Posters of Field Marshall Khalifa Haftar line the streets of the eastern Libyan city of al-Bayda, where the (unrecognised) interim government in located, November 2018. CRISISGROUP

In a short televised speech late on 27 April, Khalifa Haftar declared that he accepted the people’s “mandate” to scrap the 2015 UN-mediated Libyan Political Agreement (LPA) and empower the General Command of the Arab Libyan Armed Forces (ALAF), the military force he heads, to take charge of the country’s governing institutions.

The LPA gives international recognition to the Tripoli-based Government of National Accord, against which Haftar has waged a deadly war since April 2019. While neither Haftar nor the allied Tobruk-based House of Representatives and its government has recognised the LPA, they have accepted it as the basis for negotiations.…  Seguir leyendo »

Libyan Army soldiers wear masks to protect themselves from the coronavirus during a military operation in Tripoli, on March 25. Credit Amru Salahuddien/Anadolu Agency, via Getty Images

On a recent visit to Libya, I met a family living in an improvised shelter in a displaced persons camp east of Tripoli. One of the tens of thousands Libyan families uprooted by war, the family of seven was living in a room barely 20 paces long and half as wide. A clothesline, a pile of mattresses, a hot plate and the stench of body odor filled the room. Outside, they faced a shortage of potable water and abusive taunts from locals.

The spread of the novel coronavirus will have a devastating effect on the Middle East’s communities of refugees and migrants.…  Seguir leyendo »

Syria’s foreign minister, Walid al-Moallem, meets Libya’s eastern government deputy prime minister, Abdul Rahman al-Ahiresh.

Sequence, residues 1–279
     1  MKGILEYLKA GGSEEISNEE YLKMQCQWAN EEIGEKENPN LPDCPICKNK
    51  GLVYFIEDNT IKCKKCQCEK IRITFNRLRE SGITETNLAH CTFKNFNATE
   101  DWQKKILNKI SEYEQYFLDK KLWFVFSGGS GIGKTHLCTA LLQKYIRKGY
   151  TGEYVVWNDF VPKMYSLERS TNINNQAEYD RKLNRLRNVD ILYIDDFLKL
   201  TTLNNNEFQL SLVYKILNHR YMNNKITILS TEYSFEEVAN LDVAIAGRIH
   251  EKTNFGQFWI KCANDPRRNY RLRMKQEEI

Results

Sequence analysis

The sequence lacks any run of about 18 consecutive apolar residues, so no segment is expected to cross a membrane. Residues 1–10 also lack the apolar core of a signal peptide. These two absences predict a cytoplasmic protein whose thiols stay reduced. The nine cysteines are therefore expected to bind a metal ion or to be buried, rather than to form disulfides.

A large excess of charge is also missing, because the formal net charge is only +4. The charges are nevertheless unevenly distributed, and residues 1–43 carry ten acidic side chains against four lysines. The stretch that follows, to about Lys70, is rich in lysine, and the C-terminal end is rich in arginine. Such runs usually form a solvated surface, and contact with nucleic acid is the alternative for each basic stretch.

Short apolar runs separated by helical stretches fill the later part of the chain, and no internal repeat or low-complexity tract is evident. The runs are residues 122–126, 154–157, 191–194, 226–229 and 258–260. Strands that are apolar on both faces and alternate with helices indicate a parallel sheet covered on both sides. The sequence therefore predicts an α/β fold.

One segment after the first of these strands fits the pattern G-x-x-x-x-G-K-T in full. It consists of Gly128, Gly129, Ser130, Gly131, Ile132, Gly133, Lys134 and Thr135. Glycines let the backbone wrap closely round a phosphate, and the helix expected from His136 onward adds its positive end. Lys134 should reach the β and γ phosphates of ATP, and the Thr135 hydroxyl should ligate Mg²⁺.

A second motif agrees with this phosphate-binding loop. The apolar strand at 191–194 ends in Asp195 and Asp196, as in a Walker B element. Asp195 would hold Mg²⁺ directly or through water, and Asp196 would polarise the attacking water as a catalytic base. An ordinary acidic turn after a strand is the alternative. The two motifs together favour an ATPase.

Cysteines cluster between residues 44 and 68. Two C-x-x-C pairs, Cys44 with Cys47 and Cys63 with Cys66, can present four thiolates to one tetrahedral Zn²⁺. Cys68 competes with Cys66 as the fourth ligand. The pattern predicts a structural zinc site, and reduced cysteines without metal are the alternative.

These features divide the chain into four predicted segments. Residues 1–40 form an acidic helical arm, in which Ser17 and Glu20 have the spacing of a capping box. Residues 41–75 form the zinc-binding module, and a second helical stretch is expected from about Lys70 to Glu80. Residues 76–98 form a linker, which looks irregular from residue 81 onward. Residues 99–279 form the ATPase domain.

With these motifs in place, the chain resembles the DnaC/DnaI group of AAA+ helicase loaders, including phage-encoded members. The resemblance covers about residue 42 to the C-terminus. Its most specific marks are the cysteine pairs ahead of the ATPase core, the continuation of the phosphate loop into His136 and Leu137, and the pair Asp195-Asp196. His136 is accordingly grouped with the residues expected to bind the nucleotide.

The most recent ally of Khalifa Haftar, the general who has been attacking the Libyan capital Tripoli since April last year, is Syrian president Bashar al-Assad.

This union was formalised last week with the opening of a “Libyan embassy” in Damascus. The alarming partnership has been forged almost completely without comment. What happens with Libya no longer seems to concern anyone. It’s as though the whole conflict has ceased to exist.

Libya is not the Middle East’s forgotten war, it is the ignored war. Having burned for almost five years now, the country has almost entirely collapsed, a situation which minimal political will could have prevented.…  Seguir leyendo »

Qué está en juego en Libia

La actual guerra en Libia es un microcosmos de la tragedia que ha atrapado a muchos países del Medio Oriente. De no resolverse pronto, la lucha en Libia podría sembrar inestabilidad entre los países vecinos, como Túnez y Egipto, y disparar la huida de más oleadas de refugiados hacia Europa.

La crisis libia tiene sus orígenes en una guerra civil entre varios grupos divididos por lealtades tribales y regionales, así como sus creencias ideológicas. Todos se disputan el control de los ingresos que genera el petróleo para el país. Sin embargo, al momento son básicamente dos los frentes del conflicto: el Gobierno de Acuerdo Nacional (Government of National Accord, GNA), reconocido internacionalmente y dominado por islamistas, que aún controla la capital, Trípoli; y la Cámara de Representantes (con sede en Tobruk) junto con el Ejército Nacional Libio (Libyan National Army, LNA), bajo el mando del mariscal de campo Jalifa Hafter.…  Seguir leyendo »